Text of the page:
Others reject cremation as a viable option because of the symbolism of burial. Not only is burial well established in Jewish and Christian tradition, but also Jesus, our Savior, was buried. And there’s something to be said for the symbolism of burial and corresponding to the burial of Christ, but there’s something else we should be focusing on instead. We should be focusing on the death of Christ and how we are symbolically put to death with Him. So meaning more important than our bodies being buried like Christ is making sure that we have been united with Christ in His death and resurrection. The symbolic death and burial of our old selves is much more important than the literal death and burial of our physical bodies. Others are opposed to cremation because it destroys the body. However, it’s important to remember that the body is going to be destroyed anyways, whether by fire or just by time in the ground. Eventually, all of us, those who were buried and those who were cremated, will be nothing but bones. And so when you’re looking at the issue of burial versus cremation, you find that this ultimately is a wisdom issue.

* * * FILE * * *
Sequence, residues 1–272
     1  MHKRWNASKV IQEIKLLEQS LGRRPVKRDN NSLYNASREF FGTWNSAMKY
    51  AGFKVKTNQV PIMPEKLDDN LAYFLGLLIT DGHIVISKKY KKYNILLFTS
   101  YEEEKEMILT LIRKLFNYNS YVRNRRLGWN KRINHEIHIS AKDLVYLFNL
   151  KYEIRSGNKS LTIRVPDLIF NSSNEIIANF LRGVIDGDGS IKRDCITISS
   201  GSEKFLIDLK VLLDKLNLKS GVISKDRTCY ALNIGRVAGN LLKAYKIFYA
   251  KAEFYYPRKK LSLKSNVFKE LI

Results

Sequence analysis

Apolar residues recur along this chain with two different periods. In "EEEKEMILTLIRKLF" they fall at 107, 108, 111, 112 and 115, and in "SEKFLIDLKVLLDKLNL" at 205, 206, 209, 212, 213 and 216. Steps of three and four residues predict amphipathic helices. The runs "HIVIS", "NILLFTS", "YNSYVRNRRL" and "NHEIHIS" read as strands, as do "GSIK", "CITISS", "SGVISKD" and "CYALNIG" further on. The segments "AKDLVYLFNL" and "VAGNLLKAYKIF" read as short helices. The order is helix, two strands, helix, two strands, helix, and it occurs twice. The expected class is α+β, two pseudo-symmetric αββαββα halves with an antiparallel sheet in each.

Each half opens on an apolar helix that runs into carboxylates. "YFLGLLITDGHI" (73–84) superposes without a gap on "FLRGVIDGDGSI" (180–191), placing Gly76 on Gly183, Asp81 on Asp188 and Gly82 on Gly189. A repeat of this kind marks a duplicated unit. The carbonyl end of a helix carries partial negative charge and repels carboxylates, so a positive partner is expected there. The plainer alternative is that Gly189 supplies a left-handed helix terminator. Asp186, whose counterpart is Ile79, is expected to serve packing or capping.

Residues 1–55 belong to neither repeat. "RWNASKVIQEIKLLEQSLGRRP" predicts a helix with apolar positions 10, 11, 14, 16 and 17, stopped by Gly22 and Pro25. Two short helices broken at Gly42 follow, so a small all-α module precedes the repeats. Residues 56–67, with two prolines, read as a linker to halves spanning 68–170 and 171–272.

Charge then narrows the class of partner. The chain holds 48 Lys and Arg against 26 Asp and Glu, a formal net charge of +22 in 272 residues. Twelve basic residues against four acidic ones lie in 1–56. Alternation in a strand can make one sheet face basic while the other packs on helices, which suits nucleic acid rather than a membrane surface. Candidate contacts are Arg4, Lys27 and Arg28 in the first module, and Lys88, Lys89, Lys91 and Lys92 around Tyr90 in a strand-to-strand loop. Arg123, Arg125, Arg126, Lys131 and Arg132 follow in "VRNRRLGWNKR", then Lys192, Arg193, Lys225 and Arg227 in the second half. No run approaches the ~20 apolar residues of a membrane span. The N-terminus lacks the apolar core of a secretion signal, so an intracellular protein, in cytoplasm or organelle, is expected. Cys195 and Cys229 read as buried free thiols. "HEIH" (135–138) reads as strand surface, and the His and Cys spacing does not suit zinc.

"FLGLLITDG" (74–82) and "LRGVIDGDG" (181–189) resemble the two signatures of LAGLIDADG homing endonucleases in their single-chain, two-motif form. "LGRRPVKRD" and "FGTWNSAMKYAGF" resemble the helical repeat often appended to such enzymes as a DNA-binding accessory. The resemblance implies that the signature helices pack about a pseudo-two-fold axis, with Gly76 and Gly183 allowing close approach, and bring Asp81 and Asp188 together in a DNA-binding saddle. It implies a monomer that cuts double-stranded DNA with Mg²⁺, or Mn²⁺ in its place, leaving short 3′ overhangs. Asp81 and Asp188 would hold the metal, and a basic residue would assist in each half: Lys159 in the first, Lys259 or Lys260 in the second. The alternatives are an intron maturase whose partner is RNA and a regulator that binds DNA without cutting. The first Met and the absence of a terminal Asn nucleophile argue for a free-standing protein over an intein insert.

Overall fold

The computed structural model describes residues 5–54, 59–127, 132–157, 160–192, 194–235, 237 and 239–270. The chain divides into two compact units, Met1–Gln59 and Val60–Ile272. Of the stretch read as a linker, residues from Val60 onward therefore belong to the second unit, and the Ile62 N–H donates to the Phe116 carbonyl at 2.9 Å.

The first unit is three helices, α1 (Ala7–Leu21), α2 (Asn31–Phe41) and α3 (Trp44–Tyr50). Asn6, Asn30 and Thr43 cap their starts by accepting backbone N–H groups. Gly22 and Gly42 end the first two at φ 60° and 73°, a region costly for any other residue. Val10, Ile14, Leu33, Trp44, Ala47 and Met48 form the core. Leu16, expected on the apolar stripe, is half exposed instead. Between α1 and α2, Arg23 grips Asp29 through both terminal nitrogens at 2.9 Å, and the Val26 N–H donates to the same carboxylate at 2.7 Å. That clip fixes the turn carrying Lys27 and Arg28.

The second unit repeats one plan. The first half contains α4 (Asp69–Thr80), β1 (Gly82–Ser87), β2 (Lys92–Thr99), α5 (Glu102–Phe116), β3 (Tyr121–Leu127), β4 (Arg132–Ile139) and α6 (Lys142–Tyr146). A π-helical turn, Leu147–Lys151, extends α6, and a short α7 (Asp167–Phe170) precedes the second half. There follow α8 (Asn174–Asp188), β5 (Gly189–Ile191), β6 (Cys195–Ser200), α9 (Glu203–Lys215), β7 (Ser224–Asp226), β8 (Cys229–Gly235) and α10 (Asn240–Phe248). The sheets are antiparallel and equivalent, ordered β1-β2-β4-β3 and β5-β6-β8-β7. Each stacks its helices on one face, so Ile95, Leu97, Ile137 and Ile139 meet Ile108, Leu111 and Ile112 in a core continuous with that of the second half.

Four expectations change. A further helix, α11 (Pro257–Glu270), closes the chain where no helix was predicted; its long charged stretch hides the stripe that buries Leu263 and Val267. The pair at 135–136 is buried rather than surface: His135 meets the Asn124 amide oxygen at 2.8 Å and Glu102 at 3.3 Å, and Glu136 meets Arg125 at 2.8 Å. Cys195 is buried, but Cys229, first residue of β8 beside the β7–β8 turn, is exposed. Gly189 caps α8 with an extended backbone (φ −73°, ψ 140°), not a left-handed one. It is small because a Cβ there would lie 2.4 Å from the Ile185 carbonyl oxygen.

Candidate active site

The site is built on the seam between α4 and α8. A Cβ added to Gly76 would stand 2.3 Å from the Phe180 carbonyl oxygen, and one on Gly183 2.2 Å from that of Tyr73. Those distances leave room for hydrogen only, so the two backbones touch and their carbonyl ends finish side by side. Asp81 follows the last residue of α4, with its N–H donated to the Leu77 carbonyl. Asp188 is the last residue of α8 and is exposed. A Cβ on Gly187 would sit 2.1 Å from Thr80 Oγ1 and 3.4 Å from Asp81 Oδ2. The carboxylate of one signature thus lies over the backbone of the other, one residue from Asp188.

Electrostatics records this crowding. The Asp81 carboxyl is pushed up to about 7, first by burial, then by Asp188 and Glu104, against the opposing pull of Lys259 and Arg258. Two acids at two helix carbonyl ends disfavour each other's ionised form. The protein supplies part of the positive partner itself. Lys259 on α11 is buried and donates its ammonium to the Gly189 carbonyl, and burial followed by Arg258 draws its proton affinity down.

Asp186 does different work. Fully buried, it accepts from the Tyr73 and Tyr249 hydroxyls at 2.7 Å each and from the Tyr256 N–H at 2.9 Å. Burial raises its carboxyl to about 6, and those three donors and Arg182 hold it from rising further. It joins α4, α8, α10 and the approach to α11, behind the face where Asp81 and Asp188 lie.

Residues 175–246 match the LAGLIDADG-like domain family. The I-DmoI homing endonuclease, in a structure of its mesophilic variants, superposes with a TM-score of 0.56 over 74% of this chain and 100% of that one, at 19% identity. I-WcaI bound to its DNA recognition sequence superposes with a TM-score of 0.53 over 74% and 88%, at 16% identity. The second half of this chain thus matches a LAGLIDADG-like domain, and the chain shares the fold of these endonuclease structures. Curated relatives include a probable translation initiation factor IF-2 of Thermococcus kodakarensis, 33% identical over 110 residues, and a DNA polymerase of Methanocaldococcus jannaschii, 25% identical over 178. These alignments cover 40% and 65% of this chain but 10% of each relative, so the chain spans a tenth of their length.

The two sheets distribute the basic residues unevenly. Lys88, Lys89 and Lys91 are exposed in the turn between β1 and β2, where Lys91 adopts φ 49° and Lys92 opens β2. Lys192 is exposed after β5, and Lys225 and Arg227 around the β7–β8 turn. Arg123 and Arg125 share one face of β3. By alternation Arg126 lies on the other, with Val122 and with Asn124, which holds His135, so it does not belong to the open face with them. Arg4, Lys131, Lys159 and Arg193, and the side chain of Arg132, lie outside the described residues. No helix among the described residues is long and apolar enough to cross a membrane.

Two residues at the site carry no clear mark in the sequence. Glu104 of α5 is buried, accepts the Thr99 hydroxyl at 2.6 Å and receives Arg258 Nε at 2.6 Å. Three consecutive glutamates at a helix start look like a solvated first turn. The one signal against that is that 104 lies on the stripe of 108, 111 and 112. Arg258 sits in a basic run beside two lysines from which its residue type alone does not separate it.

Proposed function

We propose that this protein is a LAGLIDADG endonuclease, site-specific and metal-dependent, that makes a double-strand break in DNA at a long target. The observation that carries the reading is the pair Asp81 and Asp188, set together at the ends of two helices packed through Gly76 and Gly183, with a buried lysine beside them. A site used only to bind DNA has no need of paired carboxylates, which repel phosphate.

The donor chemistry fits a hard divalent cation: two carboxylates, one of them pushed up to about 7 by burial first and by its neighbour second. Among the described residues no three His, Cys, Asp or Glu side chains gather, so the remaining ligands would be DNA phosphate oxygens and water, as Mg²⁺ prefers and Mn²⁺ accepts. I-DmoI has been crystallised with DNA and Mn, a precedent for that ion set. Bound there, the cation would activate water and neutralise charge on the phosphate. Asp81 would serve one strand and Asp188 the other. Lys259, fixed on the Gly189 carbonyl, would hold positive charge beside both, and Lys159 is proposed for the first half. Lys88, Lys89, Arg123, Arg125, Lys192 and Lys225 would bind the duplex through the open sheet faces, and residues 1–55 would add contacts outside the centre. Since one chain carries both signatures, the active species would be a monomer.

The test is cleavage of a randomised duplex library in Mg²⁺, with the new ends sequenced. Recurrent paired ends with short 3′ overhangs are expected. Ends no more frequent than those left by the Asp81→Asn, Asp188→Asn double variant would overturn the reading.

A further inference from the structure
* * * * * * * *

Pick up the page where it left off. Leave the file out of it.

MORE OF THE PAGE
In other words, since the Bible issues no mandate for what Christians must do with a body after death, we are called to consider the issue carefully and thoughtfully before making a decision. When something is not explicitly condemned in Scripture, or when something does not violate a command or principle of God established in Scripture, Christians need wisdom from God to consider the right thing to do. And let me just tell you, wisdom issues are extremely difficult because well-meaning Christians can come to different conclusions on the matter. However, since neither burial nor cremation is mandated by Scripture, we have to make sure that we do not impose our conviction on the matter upon other Christians. In other words, if you become convicted that burial is appropriate, that’s fine, but do not impose your conviction upon others as if your conviction is a biblical mandate. Right? I’m very passionate about this because Christians have a tendency to do this with a lot of different issues where it’s a wisdom issue, it’s not something that’s mandated in Scripture, and so Christians will come to their own conviction about it, but they impose their convictions upon other Christians in such a way that if those other Christians do not agree with them, they act as though they’re sinning. And we need to be very careful with that.